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As global disaster risks become increasingly interconnected, complex and non-linear, the need for intelligent, innovative theoretical models and analytical tools has never been as pressing as today. The same applies to forecasting and modeling instruments as well as scenario and narrative development techniques. For instance, the 2011 Great Eastern Japan triple disaster, comprised of a seaquake, a tsunami, coastal flooding events, a nuclear meltdown, and additional downstream impacts (such as forced displacement, ecosystem damage, economic failure, and large-scale mental health issues), is an impressive example for what could quickly become the new normal in disaster and risk science. Today's disasters seem to be multifaceted and cascading.
Disaster Health has aimed to highlight and mainstream a health perspective in disaster and risk science, balancing the public, physical, and mental health aspects, both from a clinical as well as a community and policy perspective. From its inception, Disaster Health has focused on the intersection of disaster mental health and disaster public health. Many of the journal's publications have admirably incorporated this nexus of physical and psychological health. This integration is seen as an important advance that effectively straddles disciplines that previously were disconnected.
However, this purposeful merger of major components of “disaster health” is best regarded as an important progression, but certainly not as an endpoint. While we believe this approach remains of high value in disaster science, we are convinced that the next frontier of interdisciplinary disaster and risk modeling is the inclusion of a social-ecological systems lens. Such a lens will inevitably include the various dimensions of health while at the same time giving due attention to the broader social-ecological risk landscape in which complex disasters tend to be embedded. As the Great Eastern Japan case shows, current disasters play out at the direct interface of geo-physical, ecological, and social systems, affecting all of them alike. This especially holds true against a backdrop of global climate change and other environmental tipping point scenarios, as well as an ever more fragile global landscape characterized by high levels of uncertainty, failing states and governance systems, and escalating security threats.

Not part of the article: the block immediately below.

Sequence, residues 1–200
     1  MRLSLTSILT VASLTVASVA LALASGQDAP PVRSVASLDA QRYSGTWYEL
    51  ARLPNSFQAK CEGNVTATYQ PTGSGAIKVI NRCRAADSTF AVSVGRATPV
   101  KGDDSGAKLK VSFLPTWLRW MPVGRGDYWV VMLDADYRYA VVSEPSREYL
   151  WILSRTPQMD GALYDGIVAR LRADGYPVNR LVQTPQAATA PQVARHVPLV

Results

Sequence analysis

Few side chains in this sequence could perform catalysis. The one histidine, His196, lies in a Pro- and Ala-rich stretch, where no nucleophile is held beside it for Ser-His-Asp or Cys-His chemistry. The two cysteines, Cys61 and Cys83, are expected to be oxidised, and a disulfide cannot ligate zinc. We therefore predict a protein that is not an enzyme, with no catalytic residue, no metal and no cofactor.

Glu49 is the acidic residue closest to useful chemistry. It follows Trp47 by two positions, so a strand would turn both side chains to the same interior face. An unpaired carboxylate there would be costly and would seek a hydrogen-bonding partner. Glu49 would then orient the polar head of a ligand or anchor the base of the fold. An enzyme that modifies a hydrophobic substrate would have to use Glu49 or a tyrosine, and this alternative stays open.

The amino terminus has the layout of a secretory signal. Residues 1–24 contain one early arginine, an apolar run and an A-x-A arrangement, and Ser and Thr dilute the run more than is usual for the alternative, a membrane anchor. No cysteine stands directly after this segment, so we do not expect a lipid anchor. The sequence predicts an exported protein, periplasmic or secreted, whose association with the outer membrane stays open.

Therefore, we are moving onward following the completion of this third volume of the journal. As Disaster Health comes to conclusion with this issue, we are excited to announce the launch point for a new and more encompassing endeavor in the realm of disaster science publishing. We are actively conceiving the framework to allow for inclusion of new themes that build upon the bulwark of “disaster health” but extend beyond our current boundaries in important respects.
We especially call for a broader inclusion of the social sciences and humanities in what might become the cutting edge in disaster and risk analysis and modeling—we like to name it Disaster and Risk Ecology—for the benefit of our global society.